I often shoot paper negatives on large format. It’s a cheap way of testing new lenses (paper is way cheaper than negatives), but you always have to either make contact prints in the dark room or scan it and invert it Photoshop. Enter the very nice Ilford Direct Positive Paper, which is sort of a mixture of classic photo paper and polaroid. You shoot it in your 4×5″, 5×7″ or 8×10″ film holder, and when you develop it (in paper chemicals – and under red light) it transforms from a negative to a positive. A bit like wet plate collodion, except this is far easier and less dangerous, chemically speaking. So I’d recommend this to everyone shooting large format, as it’s very pleasing to see the result directly after you’ve shot your image. In this case I did a portrait of an Afghan (refugee) princess with a fantastic 110 year old 36 cm / 360 mm Voigtländer Heliar portrait lens, which even survived a fire some ten years ago and has cement between the elements! Those old Voigtländer lensus unlike the new Cosina-branded ones for Leicas and micro 4/3s are very well made, and perform excellently, even one hundred years are they were made. The Direct Posistive Paper is rated somewhere in between ISO1 and ISO3 and is most suited for pinhole cameras, as it’s very contrasty, but I think it’s nice for portraits as well, as long as you learn to balance your light a bit. For this I used a flash, or was it three ProFoto generators 😕

FILE: 11 – november – 1913 goecker studio wood camera expired 809 polaroid

Jesper – Goecker Wooden Studio Camera (1913) 8×10″ – Dallmeyer 3B 300 mm Portrait Lens @ f/4 – Expired (1995) 809 Polaroid

11 - november - 1913 goecker studio wood camera expired 809 polaroid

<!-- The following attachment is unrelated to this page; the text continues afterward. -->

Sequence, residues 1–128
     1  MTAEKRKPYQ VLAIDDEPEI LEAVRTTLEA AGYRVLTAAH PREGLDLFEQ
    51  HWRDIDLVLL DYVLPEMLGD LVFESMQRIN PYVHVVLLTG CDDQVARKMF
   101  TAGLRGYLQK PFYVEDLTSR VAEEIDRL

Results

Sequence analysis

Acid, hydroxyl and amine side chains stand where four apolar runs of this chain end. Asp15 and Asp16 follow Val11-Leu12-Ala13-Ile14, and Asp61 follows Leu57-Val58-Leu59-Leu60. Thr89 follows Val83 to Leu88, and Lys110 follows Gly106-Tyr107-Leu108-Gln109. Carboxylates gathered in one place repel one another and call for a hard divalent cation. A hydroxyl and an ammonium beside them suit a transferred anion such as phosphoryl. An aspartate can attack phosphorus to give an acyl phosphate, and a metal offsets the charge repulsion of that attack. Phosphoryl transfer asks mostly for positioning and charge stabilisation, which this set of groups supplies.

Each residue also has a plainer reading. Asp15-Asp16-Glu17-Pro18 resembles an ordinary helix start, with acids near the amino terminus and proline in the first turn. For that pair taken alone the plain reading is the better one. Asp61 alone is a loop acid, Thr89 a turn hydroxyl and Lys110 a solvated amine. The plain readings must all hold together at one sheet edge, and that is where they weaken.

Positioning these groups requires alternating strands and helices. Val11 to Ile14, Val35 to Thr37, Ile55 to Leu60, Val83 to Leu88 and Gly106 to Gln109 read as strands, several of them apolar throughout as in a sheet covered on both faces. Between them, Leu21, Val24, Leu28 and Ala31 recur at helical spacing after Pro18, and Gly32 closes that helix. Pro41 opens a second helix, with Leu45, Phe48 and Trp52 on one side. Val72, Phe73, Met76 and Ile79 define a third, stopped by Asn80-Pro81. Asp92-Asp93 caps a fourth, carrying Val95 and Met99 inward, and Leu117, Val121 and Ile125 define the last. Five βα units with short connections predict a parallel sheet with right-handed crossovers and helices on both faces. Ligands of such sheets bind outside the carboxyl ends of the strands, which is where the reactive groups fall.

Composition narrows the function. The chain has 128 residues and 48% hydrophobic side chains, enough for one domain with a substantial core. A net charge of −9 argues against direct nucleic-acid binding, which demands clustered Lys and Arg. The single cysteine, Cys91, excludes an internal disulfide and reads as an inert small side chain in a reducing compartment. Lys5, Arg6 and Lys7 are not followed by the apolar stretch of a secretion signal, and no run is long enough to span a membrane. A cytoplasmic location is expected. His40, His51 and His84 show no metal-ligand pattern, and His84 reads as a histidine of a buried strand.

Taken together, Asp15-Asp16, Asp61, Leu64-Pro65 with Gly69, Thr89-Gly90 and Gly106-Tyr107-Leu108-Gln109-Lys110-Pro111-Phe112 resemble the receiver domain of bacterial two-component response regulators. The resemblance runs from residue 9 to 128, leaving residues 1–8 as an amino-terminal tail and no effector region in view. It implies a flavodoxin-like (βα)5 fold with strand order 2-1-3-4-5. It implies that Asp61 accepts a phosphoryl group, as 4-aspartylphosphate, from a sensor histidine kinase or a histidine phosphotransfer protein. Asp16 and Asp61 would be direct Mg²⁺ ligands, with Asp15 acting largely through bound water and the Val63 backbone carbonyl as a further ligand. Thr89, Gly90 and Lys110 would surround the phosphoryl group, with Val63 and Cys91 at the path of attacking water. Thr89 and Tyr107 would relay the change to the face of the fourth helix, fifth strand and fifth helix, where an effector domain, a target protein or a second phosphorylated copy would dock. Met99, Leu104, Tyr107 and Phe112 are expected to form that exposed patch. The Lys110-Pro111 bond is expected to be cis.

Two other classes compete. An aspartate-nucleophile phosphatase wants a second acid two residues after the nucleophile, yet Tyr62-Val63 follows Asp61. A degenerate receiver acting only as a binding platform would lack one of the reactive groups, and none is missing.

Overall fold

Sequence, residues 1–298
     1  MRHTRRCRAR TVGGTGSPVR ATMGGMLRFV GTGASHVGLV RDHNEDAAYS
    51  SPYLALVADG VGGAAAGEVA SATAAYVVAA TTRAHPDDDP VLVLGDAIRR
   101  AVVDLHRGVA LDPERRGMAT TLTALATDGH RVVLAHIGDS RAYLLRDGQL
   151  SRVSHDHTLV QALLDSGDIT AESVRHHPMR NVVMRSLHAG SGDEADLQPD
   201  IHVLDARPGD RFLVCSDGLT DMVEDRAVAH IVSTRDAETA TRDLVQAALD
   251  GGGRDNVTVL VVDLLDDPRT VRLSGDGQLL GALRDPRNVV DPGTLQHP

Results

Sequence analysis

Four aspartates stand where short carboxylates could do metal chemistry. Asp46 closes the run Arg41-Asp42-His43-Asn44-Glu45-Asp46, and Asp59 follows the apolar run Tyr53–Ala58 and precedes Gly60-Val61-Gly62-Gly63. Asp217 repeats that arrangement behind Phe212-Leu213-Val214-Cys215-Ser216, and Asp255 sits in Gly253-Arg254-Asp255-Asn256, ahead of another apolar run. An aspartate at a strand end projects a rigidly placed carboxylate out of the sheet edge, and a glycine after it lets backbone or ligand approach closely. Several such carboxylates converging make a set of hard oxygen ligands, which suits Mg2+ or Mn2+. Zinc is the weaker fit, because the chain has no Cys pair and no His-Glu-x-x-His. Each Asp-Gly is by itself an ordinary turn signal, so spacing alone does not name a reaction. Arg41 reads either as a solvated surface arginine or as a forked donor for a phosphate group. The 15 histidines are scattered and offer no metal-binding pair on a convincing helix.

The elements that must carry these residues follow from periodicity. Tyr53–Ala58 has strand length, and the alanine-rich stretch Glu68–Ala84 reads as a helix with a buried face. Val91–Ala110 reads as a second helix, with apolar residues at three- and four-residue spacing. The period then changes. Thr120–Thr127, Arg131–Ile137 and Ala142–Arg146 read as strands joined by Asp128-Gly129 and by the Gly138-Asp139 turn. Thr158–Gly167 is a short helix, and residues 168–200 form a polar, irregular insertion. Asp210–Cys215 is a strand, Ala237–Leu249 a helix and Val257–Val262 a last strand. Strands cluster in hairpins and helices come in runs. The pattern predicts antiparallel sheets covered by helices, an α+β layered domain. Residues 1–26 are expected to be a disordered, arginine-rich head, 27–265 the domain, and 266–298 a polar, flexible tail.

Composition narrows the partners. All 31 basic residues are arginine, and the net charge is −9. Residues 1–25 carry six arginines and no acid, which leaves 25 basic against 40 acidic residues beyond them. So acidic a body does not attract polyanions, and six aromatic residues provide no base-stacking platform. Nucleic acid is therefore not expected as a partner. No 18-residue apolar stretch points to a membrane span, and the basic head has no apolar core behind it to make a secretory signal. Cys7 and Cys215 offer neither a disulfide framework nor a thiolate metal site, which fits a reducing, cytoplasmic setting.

I buy a lot of old gear, and I always appreciate spending time with the old time pros or collectors from whom I get my gear. In this case, I bought some old Linhof cameras (4×5″ and 5×7″) from an old master about to retire. He had been a pro for 45 years (!), and never went digital. In his hay days he developed 2000 5×7″ prints every day! Both color and b&w. He also had an old (dating back to 1913) wooden studio camera in his studio and I immediately fell in love with the old beauty. A 100 year old camera, which still works like a dream. It was equipped with a gigantic Petzval-design portrait lens, the Dallmeyer 3B. Neither camera nor lens had any shutter, which – unless you shoot wetplate or paper negatives – actually can be somewhat of a problem due to the (short) exposure times. But fortunately the old pro found a box of old 8×10″ 809 Polaroid’s, a film I’d never shot before, which expired back in 1995. He doubted I could get anything out of the remaining 4 polaroid’s in the box, but I did. This image was shot only with the light from my living room lamp, using my HAND as a shutter for approximately one second. I absolutely love the final result – what you see here is a plain scan of the image I shot. Notice the text lines next to his face – they come from the “negative condom” or protection sheet that the polaroid’s were wrapped in. Somehow, during the 18 since (since expiration date) some of the text managed to creep unto the negative. Pure light magic.